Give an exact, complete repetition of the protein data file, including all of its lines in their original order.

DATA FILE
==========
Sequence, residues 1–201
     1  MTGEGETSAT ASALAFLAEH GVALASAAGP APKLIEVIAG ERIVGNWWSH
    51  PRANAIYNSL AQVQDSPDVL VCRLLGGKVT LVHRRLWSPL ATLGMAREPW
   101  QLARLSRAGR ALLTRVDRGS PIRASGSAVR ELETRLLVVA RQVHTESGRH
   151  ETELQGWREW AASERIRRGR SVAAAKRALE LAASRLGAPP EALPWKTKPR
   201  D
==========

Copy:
Sequence, residues 1–201
     1  MTGEGETSAT ASALAFLAEH GVALASAAGP APKLIEVIAG ERIVGNWWSH
    51  PRANAIYNSL AQVQDSPDVL VCRLLGGKVT LVHRRLWSPL ATLGMAREPW
   101  QLARLSRAGR ALLTRVDRGS PIRASGSAVR ELETRLLVVA RQVHTESGRH
   151  ETELQGWREW AASERIRRGR SVAAAKRALE LAASRLGAPP EALPWKTKPR
   201  D